(video: 2:45) Having a hard time sticking to your New Year’s resolutions?
You want to start running, but you can’t get out of bed? You want to practice meditation everyday after lunch, but you’re just too busy?
The trick is to remember why you want to do it… BEFORE you do it. Laying there in bed, motivate yourself by remembering how good you feel when you exercise. Let tuer good feeling motivate you to get up and go running! Sitting at lunch, remember how calm and collected you feel when you meditate. Let that sense of peace motivate you to take a few minutes before you rush off.
You know you’ll feel better! Remember that feeling before you do things and mer that good feeling be your motivation!
How can you make them more relaxing so that you enjoy them to the fullest?
One thing that you can do it think about the things you like to do to relax & de-stress in everyday life… What kinds of things do you do that help you relax normally? Do you like to exercise? Do you have a cup of tea? Do you read, go for a walk, or play with your cat?
Now think about how you can you set yourself up to do those things over the holidays. How can you do those things wherever you are? Can you bring your running shoes or a few weights or exercise videos? Can you take your favorite tea and share it with other relatives, making it into a nice shared moment of relaxation together? Can you bring a great book or magazines? Can you plan daily walks, perhaps after big meals with the whole family or by yourself in the mornings to get out and enjoy the world waking up?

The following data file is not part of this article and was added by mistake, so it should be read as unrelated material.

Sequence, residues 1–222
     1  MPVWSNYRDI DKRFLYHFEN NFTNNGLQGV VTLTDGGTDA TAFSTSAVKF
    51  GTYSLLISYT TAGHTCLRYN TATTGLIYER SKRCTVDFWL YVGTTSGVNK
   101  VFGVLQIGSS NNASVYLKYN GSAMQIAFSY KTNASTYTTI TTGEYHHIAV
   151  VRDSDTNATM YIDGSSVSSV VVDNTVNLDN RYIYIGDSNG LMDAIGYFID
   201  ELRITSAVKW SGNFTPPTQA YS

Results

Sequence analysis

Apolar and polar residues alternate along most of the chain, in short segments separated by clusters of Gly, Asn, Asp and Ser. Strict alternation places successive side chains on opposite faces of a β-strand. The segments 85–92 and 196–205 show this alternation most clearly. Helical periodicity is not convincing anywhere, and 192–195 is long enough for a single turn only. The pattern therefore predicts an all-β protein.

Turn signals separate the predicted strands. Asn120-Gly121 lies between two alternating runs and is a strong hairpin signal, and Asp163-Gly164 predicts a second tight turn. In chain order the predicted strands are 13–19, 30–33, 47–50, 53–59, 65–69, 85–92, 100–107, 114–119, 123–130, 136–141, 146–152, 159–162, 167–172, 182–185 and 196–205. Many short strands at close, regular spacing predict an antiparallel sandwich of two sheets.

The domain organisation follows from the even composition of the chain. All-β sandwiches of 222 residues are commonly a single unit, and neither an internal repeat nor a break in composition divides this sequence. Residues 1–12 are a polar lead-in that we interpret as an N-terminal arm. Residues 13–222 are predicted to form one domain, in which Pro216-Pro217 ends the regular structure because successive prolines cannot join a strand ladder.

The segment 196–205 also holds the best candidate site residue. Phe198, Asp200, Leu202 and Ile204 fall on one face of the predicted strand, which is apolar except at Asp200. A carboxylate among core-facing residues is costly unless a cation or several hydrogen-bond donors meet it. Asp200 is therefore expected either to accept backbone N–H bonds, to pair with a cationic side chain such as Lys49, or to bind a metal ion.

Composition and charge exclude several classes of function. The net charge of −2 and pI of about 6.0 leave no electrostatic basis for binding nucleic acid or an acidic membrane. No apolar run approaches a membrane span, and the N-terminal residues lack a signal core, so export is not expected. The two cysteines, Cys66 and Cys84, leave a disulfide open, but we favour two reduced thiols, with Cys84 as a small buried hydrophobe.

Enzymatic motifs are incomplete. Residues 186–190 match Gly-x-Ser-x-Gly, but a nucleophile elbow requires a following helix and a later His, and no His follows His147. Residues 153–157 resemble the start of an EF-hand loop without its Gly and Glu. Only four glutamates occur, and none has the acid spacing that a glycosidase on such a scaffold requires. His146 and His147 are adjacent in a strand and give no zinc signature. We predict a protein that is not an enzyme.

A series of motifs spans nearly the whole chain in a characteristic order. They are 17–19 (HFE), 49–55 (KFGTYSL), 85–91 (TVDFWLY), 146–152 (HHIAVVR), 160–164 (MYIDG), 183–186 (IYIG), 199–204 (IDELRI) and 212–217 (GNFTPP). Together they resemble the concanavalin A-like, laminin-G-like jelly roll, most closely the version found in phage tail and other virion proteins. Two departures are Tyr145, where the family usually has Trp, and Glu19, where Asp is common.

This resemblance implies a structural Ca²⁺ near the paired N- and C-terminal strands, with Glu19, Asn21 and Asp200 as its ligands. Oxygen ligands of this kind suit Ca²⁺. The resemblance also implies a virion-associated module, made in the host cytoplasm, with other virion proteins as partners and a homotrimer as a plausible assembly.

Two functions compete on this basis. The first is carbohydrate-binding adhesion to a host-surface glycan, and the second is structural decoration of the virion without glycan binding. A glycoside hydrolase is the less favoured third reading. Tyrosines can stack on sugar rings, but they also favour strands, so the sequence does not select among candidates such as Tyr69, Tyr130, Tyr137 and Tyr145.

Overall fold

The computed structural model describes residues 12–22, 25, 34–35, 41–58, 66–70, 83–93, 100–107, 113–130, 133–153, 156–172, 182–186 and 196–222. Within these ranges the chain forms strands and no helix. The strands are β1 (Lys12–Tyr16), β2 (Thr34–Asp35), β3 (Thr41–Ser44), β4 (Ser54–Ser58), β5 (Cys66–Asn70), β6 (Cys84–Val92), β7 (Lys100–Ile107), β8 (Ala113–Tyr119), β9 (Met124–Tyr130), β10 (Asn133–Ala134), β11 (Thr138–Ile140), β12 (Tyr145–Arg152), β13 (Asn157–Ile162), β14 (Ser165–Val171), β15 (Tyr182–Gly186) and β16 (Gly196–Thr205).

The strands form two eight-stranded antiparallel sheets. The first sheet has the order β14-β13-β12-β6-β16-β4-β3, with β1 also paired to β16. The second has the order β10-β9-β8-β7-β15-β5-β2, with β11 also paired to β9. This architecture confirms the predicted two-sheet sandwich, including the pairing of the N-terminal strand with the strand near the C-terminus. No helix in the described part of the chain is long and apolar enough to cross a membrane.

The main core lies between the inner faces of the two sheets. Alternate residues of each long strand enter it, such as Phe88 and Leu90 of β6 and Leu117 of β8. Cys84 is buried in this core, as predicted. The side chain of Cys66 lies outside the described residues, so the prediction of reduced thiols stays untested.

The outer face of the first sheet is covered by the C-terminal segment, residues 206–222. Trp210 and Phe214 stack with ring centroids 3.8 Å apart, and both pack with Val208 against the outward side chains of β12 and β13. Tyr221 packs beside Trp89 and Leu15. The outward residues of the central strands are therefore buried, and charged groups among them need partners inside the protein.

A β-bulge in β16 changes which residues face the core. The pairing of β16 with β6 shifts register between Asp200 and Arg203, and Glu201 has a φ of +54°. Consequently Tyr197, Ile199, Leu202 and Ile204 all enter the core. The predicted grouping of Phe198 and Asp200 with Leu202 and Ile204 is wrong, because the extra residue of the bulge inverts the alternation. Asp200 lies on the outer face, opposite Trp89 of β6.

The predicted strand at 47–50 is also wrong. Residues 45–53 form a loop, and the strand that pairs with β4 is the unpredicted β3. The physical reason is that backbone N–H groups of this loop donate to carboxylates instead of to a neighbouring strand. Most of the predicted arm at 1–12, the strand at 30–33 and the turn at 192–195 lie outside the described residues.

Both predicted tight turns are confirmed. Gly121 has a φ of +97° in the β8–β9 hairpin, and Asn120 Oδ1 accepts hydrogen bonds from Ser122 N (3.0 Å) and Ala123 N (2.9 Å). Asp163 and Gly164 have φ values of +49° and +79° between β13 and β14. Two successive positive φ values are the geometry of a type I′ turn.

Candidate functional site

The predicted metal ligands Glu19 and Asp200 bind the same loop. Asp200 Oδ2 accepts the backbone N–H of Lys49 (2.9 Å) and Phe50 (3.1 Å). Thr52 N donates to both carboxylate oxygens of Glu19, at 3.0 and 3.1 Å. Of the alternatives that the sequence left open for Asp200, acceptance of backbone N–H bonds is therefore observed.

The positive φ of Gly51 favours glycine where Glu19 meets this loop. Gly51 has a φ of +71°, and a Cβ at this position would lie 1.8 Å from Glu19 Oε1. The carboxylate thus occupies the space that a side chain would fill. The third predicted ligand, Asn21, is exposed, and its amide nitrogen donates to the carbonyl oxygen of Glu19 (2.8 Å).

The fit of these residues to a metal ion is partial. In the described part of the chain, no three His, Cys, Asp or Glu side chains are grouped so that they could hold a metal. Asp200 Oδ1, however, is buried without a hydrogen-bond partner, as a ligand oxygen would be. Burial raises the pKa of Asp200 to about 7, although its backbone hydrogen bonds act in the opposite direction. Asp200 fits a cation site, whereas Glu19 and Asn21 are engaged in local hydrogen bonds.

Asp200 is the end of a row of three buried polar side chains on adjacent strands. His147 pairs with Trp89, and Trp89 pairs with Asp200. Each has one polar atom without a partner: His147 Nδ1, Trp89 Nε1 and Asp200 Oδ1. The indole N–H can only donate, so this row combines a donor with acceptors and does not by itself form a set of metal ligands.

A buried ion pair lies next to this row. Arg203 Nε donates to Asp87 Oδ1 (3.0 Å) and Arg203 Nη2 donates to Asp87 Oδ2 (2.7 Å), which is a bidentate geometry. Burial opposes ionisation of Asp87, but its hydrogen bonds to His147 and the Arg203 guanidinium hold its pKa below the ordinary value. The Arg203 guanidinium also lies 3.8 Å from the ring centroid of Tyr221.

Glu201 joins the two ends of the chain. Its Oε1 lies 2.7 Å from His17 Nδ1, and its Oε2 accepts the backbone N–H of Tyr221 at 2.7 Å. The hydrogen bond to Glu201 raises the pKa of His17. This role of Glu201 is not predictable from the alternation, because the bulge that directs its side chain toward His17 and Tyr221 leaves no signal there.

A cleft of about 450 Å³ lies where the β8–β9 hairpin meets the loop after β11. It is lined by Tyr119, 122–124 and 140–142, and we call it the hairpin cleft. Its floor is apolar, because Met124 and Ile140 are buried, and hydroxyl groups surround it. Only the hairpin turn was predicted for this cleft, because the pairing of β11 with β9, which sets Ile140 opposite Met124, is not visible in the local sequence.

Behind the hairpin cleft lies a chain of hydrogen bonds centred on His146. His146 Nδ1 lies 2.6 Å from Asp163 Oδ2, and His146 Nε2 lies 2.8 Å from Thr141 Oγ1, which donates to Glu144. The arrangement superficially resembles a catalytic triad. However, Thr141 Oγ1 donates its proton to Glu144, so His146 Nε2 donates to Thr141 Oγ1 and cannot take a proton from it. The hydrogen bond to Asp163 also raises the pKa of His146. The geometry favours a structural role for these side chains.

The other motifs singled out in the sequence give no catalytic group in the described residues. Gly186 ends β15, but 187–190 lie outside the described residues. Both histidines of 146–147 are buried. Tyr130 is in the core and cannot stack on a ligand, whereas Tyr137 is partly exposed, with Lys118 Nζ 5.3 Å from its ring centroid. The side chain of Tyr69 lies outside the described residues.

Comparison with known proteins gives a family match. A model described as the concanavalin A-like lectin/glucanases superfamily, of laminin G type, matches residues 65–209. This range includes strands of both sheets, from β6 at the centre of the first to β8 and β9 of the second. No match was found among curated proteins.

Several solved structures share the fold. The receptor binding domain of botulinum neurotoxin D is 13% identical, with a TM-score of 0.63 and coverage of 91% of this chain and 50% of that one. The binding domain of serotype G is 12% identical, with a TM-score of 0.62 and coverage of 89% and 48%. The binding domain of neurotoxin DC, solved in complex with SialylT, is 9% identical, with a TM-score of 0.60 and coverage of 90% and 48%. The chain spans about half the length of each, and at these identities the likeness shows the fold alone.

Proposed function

Whatever will work for you, set yourself up with a few things and create a Relaxation Toolbox to use every day and to pull out whenever things get a bit too hectic. You will appreciate it and so will your friends and family!
Prepare for relaxation and make your holidays bright!
(video 4:12) I listened to the Science of Meditation Summit presentation by meditation teacher Susan Piver who said one of the myths about mindfulness is that it is a form of self-help. “It’s not,” she says, and after listening to her explaination, I totally agree.
Mindfulness as a concept is simply being present, aware of ourselves, and pure mindfulness practice is simply noticing ourselves. What ever we’re doing, thinking, feeling, we simply notice. We don’t try to change anything, we simply notice.
Self-help is another set of meditations, therapies and tools that we use to change what we notice. If, using mindfulness, we notice that we’re angry a lot and inappropriate with how we express it, we might take other steps to create healthier expressions of our anger. Now we’ve added self-help.
I find this distinction really useful for understanding the role of mindfulness and the role of self-help. Mindfulness is for being aware of what is happening. Self-help is for changing what is happening.
(Video: 4:57min) Ujjaya breathing is a yoga breath that is fun to do because you can actually hear your self breathing! This is great for people who like to focus on sound.